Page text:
GSA scandal brings more misbehavior in Washington
Published: Friday, April 20, 2012
Updated: Monday, August 27, 2012 16:08
Last week was perhaps the worst week to be a federal employee since Watergate. From prostitutes to Vegas masquerades, Washington has not been on its best behavior.
Frankly, if the suits in D.C. were to get a report card for conduct this semester, it’d be a big fat F. But while the American public continues to face international humiliation for their leaders’ malfeasance, Capitol Hill’s finest continue to take a long recess.
In an era that will undoubtedly be described as the worst economic crisis since the Great Depression, the General Service Administration took to demonstrating just how recklessly money can be spent by squandering taxpayer dollars to fund a $823,000 “training conference,” which we might as well refer to as a royal spring break, considering the tab included $7,000 for sushi, $5,600 for in-room parties, $3,700 for t-shirts, $2,800 in water bottles, $1,500 for Boursin scalloped potatoes, $3,200 for a session with a mind reader, $400 for three officials to rent tuxedos and $2,700 for a senior official to entertain employees after the closing dinner. Did I mention all of this was on Middle Americans’ bill?
That’s right, while you’re taking out a third mortgage and frantically trying to stay afloat while juggling student loan payments and trying to send your kid to a decent day care while you work double shifts, GSA officials deem it appropriate to fork up the equivalent of two months rent to have their palms read.
This is about the time when the teacher should come over with a ruler.
But not before the Secret Service gets put in a hefty time out. Eleven agents and 10 members of the military enjoyed an evening in Cartenga, Colombia, prior to President Obama’s arrival for the weekend Summit of the Americas, with the help of 21 Colombian escorts. I can’t figure out which is worse, spending taxpayer money to have a pseudo psychic look in a crystal ball or being so stingy, you can’t even put up more than $30 for a one-nighter.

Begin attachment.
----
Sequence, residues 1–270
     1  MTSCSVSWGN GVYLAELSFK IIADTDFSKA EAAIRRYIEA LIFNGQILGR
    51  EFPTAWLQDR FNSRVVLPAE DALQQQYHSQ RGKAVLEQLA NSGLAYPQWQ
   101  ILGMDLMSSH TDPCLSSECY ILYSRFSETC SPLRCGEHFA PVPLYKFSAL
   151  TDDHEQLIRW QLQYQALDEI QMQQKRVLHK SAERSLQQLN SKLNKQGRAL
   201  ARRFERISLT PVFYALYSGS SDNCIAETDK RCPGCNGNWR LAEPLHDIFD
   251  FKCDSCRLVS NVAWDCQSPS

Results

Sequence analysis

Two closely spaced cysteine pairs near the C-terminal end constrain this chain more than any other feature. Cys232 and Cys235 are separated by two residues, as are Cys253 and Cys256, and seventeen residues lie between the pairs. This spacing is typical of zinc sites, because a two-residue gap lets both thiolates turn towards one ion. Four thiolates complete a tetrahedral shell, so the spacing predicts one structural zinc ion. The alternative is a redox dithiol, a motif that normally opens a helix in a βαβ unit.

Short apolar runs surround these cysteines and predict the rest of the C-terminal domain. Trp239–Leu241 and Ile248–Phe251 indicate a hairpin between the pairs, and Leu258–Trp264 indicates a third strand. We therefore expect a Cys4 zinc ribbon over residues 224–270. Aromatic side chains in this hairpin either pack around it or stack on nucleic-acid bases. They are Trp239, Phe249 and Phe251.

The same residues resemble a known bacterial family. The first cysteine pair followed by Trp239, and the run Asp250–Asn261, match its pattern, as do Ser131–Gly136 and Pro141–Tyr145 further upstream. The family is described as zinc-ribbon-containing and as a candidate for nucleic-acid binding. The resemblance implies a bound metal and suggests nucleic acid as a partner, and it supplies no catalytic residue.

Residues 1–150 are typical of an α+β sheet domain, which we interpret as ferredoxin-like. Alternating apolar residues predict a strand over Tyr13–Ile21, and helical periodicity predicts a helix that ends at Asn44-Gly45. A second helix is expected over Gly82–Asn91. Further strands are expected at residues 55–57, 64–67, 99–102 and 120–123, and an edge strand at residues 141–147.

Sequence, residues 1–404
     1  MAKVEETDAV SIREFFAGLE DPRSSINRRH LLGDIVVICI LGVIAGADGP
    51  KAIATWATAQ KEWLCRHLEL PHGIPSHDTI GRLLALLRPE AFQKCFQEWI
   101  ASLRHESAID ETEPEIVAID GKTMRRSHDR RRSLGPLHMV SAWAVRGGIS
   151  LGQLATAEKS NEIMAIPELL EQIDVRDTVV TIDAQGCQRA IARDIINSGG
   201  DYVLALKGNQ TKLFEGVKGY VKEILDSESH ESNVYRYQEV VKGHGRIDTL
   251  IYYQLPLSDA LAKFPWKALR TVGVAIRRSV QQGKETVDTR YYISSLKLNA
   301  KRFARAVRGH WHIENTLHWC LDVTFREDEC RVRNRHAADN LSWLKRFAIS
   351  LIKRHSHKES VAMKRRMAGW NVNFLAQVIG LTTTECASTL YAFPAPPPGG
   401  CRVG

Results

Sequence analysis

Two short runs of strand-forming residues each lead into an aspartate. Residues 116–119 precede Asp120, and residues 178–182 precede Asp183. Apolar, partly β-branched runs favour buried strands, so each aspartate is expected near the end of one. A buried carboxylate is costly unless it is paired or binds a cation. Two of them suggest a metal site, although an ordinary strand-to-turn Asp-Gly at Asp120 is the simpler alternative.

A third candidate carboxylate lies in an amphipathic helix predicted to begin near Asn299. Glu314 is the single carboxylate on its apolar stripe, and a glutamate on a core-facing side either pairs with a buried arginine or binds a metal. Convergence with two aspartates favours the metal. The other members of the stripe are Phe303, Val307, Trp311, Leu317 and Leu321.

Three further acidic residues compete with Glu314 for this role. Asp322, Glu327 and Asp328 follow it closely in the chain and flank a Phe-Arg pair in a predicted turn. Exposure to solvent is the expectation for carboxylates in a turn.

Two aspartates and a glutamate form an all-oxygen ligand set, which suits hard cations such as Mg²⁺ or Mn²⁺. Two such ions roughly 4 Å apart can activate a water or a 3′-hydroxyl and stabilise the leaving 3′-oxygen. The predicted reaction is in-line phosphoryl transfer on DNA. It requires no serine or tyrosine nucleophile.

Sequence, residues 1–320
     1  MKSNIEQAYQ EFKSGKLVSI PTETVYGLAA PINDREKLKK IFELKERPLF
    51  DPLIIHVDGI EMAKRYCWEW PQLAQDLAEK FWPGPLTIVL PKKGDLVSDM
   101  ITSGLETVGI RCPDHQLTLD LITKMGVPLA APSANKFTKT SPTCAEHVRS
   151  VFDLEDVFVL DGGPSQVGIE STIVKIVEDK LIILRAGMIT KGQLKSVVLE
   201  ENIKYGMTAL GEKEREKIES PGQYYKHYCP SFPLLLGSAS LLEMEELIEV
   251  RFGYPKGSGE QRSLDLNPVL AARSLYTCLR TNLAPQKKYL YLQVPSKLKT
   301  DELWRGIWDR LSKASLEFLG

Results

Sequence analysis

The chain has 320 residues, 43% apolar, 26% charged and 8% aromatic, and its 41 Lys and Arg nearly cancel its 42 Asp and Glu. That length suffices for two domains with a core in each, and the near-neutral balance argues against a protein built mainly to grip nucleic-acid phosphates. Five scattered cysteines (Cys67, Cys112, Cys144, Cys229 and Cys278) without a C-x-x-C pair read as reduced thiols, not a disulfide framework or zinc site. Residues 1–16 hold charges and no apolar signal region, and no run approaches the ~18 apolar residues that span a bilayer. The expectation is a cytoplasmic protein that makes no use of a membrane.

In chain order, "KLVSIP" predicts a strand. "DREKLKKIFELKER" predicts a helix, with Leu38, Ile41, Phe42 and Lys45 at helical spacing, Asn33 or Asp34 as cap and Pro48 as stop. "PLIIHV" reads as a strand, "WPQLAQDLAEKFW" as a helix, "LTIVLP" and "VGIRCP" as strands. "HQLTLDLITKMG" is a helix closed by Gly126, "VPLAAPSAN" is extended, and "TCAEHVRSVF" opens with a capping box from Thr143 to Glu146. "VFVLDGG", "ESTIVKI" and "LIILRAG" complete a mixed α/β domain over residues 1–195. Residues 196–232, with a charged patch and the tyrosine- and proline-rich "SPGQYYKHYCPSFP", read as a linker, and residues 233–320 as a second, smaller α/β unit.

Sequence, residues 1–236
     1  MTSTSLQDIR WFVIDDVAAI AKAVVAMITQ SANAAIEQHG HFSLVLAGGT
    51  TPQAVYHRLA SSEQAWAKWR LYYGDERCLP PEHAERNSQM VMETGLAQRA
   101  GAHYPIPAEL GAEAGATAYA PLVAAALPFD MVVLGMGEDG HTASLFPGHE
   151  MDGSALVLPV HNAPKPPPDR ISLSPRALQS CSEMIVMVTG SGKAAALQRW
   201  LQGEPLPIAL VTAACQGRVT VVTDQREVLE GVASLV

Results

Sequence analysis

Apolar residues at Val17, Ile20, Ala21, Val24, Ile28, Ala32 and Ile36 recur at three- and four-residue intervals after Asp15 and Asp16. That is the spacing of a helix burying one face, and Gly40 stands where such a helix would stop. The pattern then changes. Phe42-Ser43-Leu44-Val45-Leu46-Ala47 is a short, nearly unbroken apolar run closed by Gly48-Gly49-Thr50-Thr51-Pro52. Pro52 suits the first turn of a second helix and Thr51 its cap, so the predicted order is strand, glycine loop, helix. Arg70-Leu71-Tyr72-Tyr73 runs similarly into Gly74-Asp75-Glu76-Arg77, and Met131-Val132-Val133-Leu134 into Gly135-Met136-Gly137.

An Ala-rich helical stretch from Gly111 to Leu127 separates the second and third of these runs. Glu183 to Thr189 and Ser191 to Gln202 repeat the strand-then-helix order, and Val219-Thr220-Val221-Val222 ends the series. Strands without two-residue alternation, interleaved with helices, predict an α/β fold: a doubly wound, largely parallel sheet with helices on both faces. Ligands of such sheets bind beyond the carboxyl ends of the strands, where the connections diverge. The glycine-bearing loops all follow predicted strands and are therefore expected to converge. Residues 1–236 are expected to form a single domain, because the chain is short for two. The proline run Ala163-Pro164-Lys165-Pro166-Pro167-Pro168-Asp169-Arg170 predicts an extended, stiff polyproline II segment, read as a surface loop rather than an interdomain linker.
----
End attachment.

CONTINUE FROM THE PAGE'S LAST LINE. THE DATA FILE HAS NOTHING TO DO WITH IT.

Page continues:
And let’s not forget about U.S. soldiers posing with mangled bodies of Afghan insurgent bombers or about the $2 million the Federal Election Commission recently discovered in an audit that the Obama administration conveniently forgot to disclose in 2008’s contributions. Sure, $2 million in the grand scheme of election cash is chump change, but it speaks to a larger issue — the blatant disregard for transparency in Washington.
How are we supposed to put our confidence in any federal official, regardless of partisanship, when every television we watch or paper we read reeks of lie after lie and ultimately brings the American public economically, militarily and socially further into the can?
Hey, big wigs have never been the most morally erect, and despite the staged and corny campaign ads, none of the American public believes the individuals they elect are as pristine as the image they project. We know politicians and federal workers are humans. We don’t expect perfection, we just expect competence. Part of that competence includes behavior ownership. Why is it that when an average citizen fudges numbers or has an indiscretion their lives are ruined and reputations smeared, but if you’re one of the few lucky people who doesn’t pay for stamps you get a pass?
Instead of “Change you can believe in” or “Believe in America” as campaign slogans, maybe 2012’s presidential candidates should focus on what Americans genuinely need to hear:
“I won’t lie to you or reach in your pockets without asking.”
To the point, it’s something Washington should try, along with a timeout and bedtime without dessert.